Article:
Just about everyone and their neighbour’s dog is talking about the ABBA-themed musical Mamma Mia! Droves of enthusiasts are racing their mini-vans and SUVs from Toronto’s suburbs to take in this well-publicized musical of re-hashed ABBA tunes.
Do you love ABBA’s music? Do you love doing what everyone else is doing? Then I suggest you go and see Mamma Mia! If you are not a slave to convention, however, and if you appreciate substance over glitz and glamour, I suggest you choose the musical Chess over Mamma Mia! the next time it comes to Toronto. Chess was performed by Encore Entertainment at the Jane Mallet Theatre at the St. Lawrence Centre for the Arts on October 10 and 11.
After ABBA broke up in 1983, members Benny Andersson and Björn Ulvaeus collaborated with Tim Rice (writer of Phantom of the Opera and Jesus Christ Superstar), to write Chess. Originally released as a ‘concept’ album, it featured the hit singles “One Night in Bangkok” and “I Know Him So Well”.
The musical takes place in 1988 amidst the drama of the Cold War, and tells the story of two chess fiends. The American champion’s wife gets sick of his arrogance and falls in love with the Russian champion. From there, the play escalates into an intriguing series of heart-wrenching events that would make even the coolest opera buff sniffle.
Chess is dark, contrasting the campy, upbeat lyrics and flashy sets that are staples of most other Rice musicals. The entire set, including costumes and props, is black and white. Featuring a giant chessboard and twelve stools, the stage is occupied by a cast adorned in authentic-looking 1980’s formal wear. Simple and sophisticated, it filled me with a sense of nostalgia and longing.
In its recent run in Toronto, the play began with Benny Andersson’s keyboard music. Although I was disappointed that it was not Andersson himself playing, the opening score was characteristically haunting and bleak, reminiscent of “Like an Angel Passing Through My Room” and “I Let the Music Speak.”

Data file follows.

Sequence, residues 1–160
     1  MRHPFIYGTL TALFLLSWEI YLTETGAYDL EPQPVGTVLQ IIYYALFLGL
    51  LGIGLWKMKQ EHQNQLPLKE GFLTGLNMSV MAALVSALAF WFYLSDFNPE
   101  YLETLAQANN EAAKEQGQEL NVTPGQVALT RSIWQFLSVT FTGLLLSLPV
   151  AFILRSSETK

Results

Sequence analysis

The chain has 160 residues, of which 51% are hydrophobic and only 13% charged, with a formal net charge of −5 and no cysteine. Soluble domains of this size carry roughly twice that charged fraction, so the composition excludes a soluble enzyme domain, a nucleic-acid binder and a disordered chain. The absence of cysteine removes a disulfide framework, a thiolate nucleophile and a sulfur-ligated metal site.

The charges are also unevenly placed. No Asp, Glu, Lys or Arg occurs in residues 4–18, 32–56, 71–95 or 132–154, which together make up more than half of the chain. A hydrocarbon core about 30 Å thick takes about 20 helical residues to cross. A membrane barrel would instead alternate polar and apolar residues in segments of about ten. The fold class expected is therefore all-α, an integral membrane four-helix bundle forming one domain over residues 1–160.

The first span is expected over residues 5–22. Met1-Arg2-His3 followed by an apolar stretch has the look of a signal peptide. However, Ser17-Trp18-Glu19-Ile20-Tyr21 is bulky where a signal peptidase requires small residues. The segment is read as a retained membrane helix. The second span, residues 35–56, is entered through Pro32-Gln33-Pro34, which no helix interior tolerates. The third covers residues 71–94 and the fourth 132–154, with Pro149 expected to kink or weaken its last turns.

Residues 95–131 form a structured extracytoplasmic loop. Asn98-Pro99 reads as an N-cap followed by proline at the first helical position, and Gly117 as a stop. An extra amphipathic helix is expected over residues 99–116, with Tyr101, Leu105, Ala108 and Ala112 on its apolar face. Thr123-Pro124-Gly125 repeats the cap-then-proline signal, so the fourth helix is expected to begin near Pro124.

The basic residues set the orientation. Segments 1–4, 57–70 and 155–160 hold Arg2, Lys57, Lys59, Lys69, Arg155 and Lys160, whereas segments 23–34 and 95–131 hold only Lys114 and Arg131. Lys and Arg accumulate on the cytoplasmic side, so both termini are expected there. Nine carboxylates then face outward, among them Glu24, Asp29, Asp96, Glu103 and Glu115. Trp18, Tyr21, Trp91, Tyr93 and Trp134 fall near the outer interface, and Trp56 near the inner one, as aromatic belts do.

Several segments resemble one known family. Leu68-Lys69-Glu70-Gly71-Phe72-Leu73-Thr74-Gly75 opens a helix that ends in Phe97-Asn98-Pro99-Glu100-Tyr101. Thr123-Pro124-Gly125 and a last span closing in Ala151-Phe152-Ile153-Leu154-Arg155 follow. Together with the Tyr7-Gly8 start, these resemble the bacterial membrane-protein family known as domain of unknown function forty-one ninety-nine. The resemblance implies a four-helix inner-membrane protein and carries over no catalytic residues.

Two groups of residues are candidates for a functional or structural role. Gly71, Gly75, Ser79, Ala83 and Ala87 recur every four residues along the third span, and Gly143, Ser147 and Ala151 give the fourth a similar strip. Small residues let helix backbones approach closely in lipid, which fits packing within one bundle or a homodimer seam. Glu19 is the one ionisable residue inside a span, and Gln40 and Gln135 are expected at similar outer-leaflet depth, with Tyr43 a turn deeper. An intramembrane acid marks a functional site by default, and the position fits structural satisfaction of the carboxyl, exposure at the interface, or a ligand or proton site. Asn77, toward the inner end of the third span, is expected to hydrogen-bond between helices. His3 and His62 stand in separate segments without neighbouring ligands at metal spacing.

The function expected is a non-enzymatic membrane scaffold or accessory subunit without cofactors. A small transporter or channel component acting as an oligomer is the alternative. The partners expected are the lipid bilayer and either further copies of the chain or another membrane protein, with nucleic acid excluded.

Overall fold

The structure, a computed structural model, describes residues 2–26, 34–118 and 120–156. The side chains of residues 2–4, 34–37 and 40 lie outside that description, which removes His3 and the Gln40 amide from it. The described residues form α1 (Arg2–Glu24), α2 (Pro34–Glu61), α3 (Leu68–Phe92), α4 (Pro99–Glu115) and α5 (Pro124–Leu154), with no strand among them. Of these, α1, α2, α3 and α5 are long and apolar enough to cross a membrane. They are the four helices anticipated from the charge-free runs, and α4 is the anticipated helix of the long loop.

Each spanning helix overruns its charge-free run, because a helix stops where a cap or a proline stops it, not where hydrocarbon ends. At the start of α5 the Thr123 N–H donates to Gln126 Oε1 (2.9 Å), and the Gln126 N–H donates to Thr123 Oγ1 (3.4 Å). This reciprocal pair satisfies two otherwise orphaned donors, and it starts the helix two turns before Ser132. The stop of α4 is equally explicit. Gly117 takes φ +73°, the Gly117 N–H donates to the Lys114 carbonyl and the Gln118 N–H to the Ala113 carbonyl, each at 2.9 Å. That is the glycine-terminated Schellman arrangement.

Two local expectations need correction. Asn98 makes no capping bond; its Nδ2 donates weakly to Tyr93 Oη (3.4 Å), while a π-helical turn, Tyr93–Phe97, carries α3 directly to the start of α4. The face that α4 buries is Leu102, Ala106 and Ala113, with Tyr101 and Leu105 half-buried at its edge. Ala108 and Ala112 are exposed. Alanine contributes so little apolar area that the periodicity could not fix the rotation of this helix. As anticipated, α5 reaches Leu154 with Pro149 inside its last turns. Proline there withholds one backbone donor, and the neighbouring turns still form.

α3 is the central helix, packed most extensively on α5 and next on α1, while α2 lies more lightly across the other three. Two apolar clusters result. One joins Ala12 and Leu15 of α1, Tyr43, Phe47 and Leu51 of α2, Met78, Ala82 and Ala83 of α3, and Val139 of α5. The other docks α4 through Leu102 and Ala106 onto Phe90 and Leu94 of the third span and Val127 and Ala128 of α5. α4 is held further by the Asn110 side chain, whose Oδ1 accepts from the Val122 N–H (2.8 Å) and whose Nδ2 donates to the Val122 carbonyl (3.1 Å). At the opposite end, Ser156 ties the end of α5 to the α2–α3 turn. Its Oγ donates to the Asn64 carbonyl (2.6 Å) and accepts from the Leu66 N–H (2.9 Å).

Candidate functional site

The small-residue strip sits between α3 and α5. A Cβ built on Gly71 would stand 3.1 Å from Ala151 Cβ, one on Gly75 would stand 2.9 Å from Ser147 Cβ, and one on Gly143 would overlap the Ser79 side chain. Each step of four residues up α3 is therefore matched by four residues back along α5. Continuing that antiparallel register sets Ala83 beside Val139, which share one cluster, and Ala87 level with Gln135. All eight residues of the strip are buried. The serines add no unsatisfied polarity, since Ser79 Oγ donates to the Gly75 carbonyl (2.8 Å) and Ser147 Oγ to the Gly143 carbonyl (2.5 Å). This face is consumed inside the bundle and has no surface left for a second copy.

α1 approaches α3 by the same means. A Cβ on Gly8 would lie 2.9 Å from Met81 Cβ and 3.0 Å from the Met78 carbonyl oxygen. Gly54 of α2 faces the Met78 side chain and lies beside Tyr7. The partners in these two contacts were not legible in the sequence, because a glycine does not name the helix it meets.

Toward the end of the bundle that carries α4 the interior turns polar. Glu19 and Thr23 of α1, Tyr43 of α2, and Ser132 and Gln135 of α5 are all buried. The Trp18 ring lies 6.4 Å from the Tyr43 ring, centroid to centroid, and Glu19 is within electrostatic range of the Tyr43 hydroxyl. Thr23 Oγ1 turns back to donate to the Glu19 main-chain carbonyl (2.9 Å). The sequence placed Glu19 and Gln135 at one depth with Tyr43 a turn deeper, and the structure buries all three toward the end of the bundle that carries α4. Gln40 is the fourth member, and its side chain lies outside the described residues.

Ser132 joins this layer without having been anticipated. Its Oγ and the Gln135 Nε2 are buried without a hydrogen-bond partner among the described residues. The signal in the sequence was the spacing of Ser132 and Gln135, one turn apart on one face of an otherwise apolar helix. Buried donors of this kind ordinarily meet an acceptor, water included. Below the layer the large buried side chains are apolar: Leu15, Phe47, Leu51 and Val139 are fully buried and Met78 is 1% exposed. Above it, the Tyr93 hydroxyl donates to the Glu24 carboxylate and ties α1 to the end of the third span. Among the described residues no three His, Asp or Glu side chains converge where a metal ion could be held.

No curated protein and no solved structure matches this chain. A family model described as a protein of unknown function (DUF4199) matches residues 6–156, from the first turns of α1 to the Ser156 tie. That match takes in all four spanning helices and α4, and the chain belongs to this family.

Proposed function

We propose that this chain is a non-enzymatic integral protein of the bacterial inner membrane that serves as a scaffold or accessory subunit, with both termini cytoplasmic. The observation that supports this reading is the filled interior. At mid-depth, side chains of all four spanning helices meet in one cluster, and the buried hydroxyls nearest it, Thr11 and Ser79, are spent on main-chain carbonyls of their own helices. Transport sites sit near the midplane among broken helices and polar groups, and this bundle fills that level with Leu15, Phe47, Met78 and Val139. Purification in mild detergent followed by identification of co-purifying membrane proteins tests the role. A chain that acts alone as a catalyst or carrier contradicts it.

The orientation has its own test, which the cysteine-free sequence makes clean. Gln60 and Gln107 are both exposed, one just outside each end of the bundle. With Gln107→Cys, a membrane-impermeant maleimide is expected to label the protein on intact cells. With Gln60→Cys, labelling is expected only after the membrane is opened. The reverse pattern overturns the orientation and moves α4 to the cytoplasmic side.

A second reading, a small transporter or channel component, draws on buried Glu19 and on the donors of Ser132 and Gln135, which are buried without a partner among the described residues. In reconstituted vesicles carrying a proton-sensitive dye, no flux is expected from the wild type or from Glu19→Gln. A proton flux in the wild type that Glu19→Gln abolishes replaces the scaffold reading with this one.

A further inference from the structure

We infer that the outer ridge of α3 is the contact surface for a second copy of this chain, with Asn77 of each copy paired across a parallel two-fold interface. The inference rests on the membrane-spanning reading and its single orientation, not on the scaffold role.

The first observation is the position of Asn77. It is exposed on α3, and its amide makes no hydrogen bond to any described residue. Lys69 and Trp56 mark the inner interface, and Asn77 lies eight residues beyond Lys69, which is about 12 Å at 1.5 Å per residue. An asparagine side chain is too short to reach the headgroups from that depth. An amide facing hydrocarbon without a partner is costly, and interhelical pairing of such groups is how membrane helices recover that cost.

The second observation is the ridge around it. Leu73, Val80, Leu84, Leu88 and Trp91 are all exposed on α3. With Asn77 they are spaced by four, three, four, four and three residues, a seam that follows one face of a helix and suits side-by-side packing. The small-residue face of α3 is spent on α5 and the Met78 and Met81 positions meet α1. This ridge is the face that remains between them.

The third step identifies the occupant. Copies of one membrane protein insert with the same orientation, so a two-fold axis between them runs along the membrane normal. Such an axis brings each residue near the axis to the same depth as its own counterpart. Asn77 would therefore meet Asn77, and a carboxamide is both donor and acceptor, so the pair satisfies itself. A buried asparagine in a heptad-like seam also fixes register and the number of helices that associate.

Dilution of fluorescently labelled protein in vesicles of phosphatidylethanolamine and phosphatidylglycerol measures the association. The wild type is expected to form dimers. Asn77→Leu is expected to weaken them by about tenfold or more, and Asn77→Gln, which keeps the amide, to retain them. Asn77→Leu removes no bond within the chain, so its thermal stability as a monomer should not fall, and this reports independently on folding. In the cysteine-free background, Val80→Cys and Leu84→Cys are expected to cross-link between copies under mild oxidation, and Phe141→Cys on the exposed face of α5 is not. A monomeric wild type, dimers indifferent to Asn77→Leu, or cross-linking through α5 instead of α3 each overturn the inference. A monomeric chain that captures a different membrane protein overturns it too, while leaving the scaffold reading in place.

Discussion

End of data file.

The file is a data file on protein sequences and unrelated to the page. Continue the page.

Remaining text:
And what would an 1980s play be without an upbeat pop tune? “One Night in Bangkok” was performed by the entire cast of seventeen with an archetypal gusto not witnessed since Cindy Lauper. The play’s choreography and energy reached its zenith during this number which was powerfully felt from my front row seat. There was nothing to suggest that I was not in the ’80s; for five minutes, I forgot the drab, spiritless ’00s with shameless abandon.
From beginning to end, Anders Balderston gave a seamless performance in the lead role of Freddie Trumper. The Russian champion, Anatoly Sergievsky, was played by Shawn Henry, a truly gifted actor who delivered a passionate performance. His every gesture and move on stage was eloquent, complementing the show’s star, Sarah Haley. Playing Florence Vassy, Haley delivered a high calibre performance worthy of Broadway. Her soulful rendition of “I Know Him So Well” made Sarah Brightman’s performances seem like cardboard muppet shows.
My only complaint is that the story was not performed as it was originally written.
The narrator, Tosha Doiron, seemed a bit rushed in describing what happened in between scenes. The original play, performed in London between 1986 – 1989, featured a score that was mostly sung. However, the writers apparently felt that this would be too confusing for North-American audiences. The play was re-written, adding in spoken dialogue, and watering down the play. The two hours were not nearly enough to demonstrate the depth and complications of the characters. This change reeks of cultural chauvinism, whereby everything, including art, is dumbed down for the supposedly Wal-Martesque North American public. Though I would have preferred to see this play in its original form, Chess remains a wonderful theatrical experience.